PayPal, the U.S. online payments system, has been a thorn in the side of Germany’s banks for over a decade.
Bankers such as Theodor Weimer, the head of Bavaria’s Hypo-Vereinsbank, or HVB, have been struggling to come up with a German answer to it. Now, finally, he’s going to get his chance.
On August 17, HVB will begin testing “Paydirekt,” a payments system designed by the German banking sector, using online furniture retailer D-Living as a testing partner, according to a presentation made at a top-level meeting of banks last week that Handelsblatt has seen.
Paydirekt GmbH, the company that developed the system, and HVB declined to comment. D-Living said in a statement: “We think this payments system will give customers a new and good alternative to existing forms of payment.”
To say that German banks have been latecomers in the surging online payments market would be putting it mildly. PayPal has 16 million customers in Germany, and it’s among the most popular payments systems in the booming Internet retail market.
“If there’s no Big Bang and only some customers can use Paydirekt at first, it will have a negative impact on the readiness of retailers to adopt the system quickly.”
Paydirekt will enable consumers to make payments online, directly charged to their bank account, using their e-mail address and a password. The system enables an online shop to directly check whether an account has sufficient funds or not. Paypal by contrast uses an intermediary account, where money is transferred from a consumer’s account via a PayPal account to the retailer’s bank account.
The test period for Paydirekt is scheduled to last until November 3. In addition to D-Living there are 18 further online shops that have expressed an interest in joining up as test partners, but they haven’t decided yet.
Further banks are also due to join the test, said financial sources. Ulrich Binnebössel, a payment systems expert at the German Retail Federation, said it was important that a critical mass of online retailers take part in the pilot phase.
“The online shops use different systems, so the process must be tested for different configurations,” he told Handelsblatt.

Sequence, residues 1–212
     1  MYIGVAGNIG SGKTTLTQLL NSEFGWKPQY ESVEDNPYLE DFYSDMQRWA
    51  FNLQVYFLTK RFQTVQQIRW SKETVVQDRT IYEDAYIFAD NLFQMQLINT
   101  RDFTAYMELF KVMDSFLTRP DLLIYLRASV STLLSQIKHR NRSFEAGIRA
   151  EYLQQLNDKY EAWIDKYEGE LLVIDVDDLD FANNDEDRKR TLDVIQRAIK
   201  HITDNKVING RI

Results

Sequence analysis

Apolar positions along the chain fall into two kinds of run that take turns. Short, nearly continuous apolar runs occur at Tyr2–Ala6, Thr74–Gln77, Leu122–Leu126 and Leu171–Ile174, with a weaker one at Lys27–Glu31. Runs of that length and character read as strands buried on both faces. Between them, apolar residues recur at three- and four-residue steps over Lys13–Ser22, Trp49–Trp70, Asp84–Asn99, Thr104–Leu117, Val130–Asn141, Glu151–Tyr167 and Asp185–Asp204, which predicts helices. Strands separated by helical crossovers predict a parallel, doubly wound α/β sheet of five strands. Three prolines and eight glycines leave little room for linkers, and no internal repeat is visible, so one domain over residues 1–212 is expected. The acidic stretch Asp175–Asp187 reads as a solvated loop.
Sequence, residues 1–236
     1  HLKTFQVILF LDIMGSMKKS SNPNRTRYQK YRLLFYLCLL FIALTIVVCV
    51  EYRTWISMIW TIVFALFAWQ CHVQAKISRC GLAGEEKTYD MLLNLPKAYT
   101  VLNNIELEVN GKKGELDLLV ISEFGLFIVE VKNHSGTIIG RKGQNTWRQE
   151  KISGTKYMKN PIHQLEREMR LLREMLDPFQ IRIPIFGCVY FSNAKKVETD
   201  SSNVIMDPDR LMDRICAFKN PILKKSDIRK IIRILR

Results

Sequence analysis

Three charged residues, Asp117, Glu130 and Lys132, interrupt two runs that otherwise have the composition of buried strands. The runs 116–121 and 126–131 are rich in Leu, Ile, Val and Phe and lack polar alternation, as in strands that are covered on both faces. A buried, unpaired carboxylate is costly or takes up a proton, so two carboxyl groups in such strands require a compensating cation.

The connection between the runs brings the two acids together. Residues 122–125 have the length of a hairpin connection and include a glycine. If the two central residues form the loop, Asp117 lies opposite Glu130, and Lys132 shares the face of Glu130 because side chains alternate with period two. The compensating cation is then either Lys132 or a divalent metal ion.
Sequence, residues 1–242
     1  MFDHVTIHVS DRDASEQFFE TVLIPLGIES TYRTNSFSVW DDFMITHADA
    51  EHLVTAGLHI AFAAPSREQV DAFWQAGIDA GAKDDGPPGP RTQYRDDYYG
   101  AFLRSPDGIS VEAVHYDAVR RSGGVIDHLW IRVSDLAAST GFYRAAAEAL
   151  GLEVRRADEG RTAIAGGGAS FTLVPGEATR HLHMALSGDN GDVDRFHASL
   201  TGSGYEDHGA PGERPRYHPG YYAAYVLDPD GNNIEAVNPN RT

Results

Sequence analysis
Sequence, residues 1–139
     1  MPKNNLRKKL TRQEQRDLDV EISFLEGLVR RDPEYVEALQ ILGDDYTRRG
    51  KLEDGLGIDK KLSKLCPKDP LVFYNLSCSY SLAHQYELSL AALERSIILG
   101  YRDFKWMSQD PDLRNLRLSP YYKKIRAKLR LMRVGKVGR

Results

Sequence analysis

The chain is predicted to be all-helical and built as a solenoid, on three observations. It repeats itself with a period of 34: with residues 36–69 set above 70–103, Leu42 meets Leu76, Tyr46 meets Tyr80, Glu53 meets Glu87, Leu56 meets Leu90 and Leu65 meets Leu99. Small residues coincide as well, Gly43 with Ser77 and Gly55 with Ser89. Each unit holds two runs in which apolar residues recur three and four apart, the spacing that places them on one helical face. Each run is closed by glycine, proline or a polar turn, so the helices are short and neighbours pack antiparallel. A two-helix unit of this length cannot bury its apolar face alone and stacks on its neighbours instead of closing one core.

The public will be excluded from the test phase, said people involved in the project. Initially, only staff from Paydirekt GmbH and the participating banks will have access to the system.
Paydirekt won’t be available to consumers until the market launch, which is scheduled for November 8. The banks aim to focus distribution on the top 200 Internet retailers, the presentation showed. But only seven additional online retailers will be added to the system between the end of the testing phase and the end of the year.
Mr. Binnebössel said banks must hurry up and get more retailers on board as soon as possible. “After the fall vacation in October at the latest, most online shops refrain from any technical changes because they don’t want to endanger their important Christmas trade.”
The most convincing argument for retailers to adopt Paydirekt would be if as many customers as possible were able to use the system as soon as it is launched in November, said Mr. Binnebössel.
He added that all the banks should try to introduce the system simultaneously.
“If there’s no Big Bang and only some customers can use Paydirekt at first, it will have a negative impact on the readiness of retailers to adopt the system quickly,” he warned.
While most German banks are still keeping quiet about the system, an increasing number of the country’s more than 1,000 local cooperative banks have begun advertising Paydirekt to customers on their websites.
“We are confident of the new online payments system Paydirekt,” the National Association of German Cooperative Banks said. “So it makes sense and is to be welcomed that many cooperative banks are already informing their customers about Paydirekt on their websites.”
It’s a wakeup call for the other banks. Many customers and retailers have several bank accounts, but will probably hook up only one to Paydirekt — and that will be the bank that earns fees from its use.
Laura De La Motte is an editor at the Handelsblatt finance desk and a specialist banking correspondent. To contact the author: firstname.lastname@example.org